Summary: This text encourages believers to give their best in Christian service.
9For we are God’s servants, working together; you are God’s field, God’s building. 10According to the grace of God given to me, like a skilled master builder I laid a foundation, and someone else is building on it. Each builder must choose with care how to build on it. 11For no one can lay any foundation other than the one that has been laid; that foundation is Jesus Christ. 12Now if anyone builds on the foundation with gold, silver, precious stones, wood, hay, straw— 13the work of each builder will become visible, for the Day will disclose it, because it will be revealed with fire, and the fire will test what sort of work each has done. 14If what has been built on the foundation survives, the builder will receive a reward. 15If the work is burned up, the builder will suffer loss; the builder will be saved, but only as through fire (1st Corinthians 3:9-15)
In this segment of his letter to the Christians in Corinth, we see that the Apostle Paul, uses multiple metaphors to explain his concerns. In prior verses 1-8, Paul uses imagery of nurturing infants and agriculture to describe their state of immaturity and the collegial process by which ministry should be conducted. In verse 9, Paul transitions from imagery/themes of agriculture to architecture. Architecture was an excellent reference point for the Corinthians, especially since the Corinthian columns were one of the three famous Greek styles (Doric and Ionic were the other two column styles) for buildings. In short, Paul used multiple angles in an attempt to engage his audience.
Paul expands the edifice metaphor by identifying roles and responsibilities in the construction process. He does this to help the audience understand that the church was established upon the salvific work of Jesus Christ, and that the job of the believers is to build upon that work – ‘we are God’s servants, working together’.
Interestingly, Paul states that in this construction initiative, each builder has options concerning the type of material used. The materials are as follows:
3. Precious Stones
Paul says that the materials used will be quality tested by fire to ensure that they meet the standards of kingdom construction projects. The heat and light of God’s fire will reveal all.
If we look at these material options in terms of toughness, we see that God’s fire will identify enduring service. Service that starts out enthusiastically and then fades when the applause and novelty fade away will be distinguished from service that continues faithfully through times of comfort and trial.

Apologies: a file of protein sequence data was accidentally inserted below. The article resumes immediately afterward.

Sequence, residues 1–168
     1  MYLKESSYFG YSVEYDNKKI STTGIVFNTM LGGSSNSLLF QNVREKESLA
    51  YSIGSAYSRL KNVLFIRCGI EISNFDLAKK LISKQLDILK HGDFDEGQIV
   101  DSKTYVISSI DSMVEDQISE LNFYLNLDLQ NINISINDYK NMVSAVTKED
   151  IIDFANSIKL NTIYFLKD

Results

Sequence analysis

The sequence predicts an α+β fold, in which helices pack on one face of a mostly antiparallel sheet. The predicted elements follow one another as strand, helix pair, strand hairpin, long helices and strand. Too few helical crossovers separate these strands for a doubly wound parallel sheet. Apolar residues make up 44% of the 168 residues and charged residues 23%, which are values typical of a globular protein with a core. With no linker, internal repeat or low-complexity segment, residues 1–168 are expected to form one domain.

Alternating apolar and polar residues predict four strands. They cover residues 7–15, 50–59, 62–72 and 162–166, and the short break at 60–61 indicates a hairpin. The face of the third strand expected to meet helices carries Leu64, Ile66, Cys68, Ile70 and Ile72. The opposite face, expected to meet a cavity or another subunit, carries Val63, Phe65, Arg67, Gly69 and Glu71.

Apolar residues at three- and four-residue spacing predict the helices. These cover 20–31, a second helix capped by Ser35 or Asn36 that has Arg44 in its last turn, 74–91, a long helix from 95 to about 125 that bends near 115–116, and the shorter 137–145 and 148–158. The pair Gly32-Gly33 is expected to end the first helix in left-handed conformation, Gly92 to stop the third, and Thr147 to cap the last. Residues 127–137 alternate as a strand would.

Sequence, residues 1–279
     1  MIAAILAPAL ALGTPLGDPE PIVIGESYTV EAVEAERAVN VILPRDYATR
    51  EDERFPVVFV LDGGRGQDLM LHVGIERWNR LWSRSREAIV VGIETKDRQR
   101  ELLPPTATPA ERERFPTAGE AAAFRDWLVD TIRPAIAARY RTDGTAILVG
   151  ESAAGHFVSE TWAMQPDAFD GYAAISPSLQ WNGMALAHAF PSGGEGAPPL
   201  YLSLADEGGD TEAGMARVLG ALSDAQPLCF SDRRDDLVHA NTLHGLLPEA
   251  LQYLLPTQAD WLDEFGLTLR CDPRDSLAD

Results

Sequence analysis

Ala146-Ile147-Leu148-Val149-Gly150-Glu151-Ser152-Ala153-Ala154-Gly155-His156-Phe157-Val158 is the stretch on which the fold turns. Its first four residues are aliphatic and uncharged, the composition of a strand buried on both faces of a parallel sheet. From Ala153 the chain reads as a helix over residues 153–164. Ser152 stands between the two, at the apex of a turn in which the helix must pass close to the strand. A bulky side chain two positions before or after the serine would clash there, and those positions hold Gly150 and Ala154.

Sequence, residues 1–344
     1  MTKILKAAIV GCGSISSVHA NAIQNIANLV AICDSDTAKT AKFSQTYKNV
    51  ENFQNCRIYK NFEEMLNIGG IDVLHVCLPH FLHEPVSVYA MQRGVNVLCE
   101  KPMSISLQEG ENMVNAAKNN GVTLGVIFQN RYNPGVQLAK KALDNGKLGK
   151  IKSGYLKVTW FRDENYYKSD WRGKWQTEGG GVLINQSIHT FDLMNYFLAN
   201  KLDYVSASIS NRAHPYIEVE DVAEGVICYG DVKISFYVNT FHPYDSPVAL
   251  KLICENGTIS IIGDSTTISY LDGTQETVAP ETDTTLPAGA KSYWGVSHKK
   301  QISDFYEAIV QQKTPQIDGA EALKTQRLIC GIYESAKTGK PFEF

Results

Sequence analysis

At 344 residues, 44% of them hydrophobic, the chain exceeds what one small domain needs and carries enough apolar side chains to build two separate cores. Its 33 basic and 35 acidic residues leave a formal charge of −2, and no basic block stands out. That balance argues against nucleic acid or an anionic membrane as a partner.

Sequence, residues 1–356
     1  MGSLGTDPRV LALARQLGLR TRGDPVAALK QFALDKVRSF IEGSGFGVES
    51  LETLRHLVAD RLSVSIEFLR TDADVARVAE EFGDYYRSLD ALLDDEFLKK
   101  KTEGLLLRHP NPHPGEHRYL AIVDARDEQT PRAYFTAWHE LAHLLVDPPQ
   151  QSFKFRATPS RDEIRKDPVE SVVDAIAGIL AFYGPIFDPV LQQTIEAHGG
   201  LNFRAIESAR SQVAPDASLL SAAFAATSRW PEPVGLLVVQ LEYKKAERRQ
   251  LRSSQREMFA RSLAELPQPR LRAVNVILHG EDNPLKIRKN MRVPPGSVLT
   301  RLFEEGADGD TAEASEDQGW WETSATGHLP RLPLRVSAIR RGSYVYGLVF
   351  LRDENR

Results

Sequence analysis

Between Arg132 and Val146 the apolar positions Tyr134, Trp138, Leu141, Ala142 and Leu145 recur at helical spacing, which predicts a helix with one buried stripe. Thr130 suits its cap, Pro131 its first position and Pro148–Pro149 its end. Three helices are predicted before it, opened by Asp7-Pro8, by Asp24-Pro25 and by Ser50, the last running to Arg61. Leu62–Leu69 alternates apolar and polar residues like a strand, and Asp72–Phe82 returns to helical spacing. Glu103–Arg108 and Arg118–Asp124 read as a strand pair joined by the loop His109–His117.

If we look at these material options in terms of market value, we see that God’s fire will identify extravagant service. Service that is ad hoc, over promises and under-delivers will be distinguished from service that is prayerfully planned, under promises and over-delivers.
If we look at these materials options in terms of accessibility, we see that God’s fire will identify extraordinary service. Service that is done casually and with minimal effort will be distinguished from service that produced blood, sweat and tears.
Toughness, high market value and difficult accessibility – these three terms describe gold, silver and precious stones. Accordingly, fragileness, low market value and easy accessibility – these terms describe wood, hay and straw. By using these metaphors, Paul is giving us easily understood clues and advanced notice on how we should live for Christ and how we should serve the cause of Christ. While we still have time, we need to give Jesus ‘fireproof service’.
Admittedly, Paul‘s terms are colorful but not crystal clear. In verse 13 when he talks about ‘the Day’, to what day is he referring? The day of Christ’s return? The day of final judgment? Was this a term that the Corinthians understood? Is this an eschatological reference that could only be understood by cross-referencing epistles? And is the fire a literal fire? Does it refer to the persecution of the church in the first century? Without question, Paul was brilliant, but sometimes he spoke through a glass darkly.
So what is the takeaway for us? We know that we have been saved by grace through faith in the death, burial and resurrection of Jesus Christ. We know that the Holy Spirit is sanctifying us and molding us into the image of Christ. We know that we should read the bible, pray and attend worship. We know that we should love God with all our hearts and our neighbors as ourselves. But how can we be sure that we are giving God ‘fireproof service’? We know that we are not saved by our works, but Paul implies that our works/Christian stewardship will be on the table for evaluation. Since God does not issue report cards or mid-year performance evaluations, then how can we know how we are doing? It will be too late for mid-course corrections when we stand before the Master. Is there a metric, a rubric – anything that can serve as a proxy for ‘fireproof service’?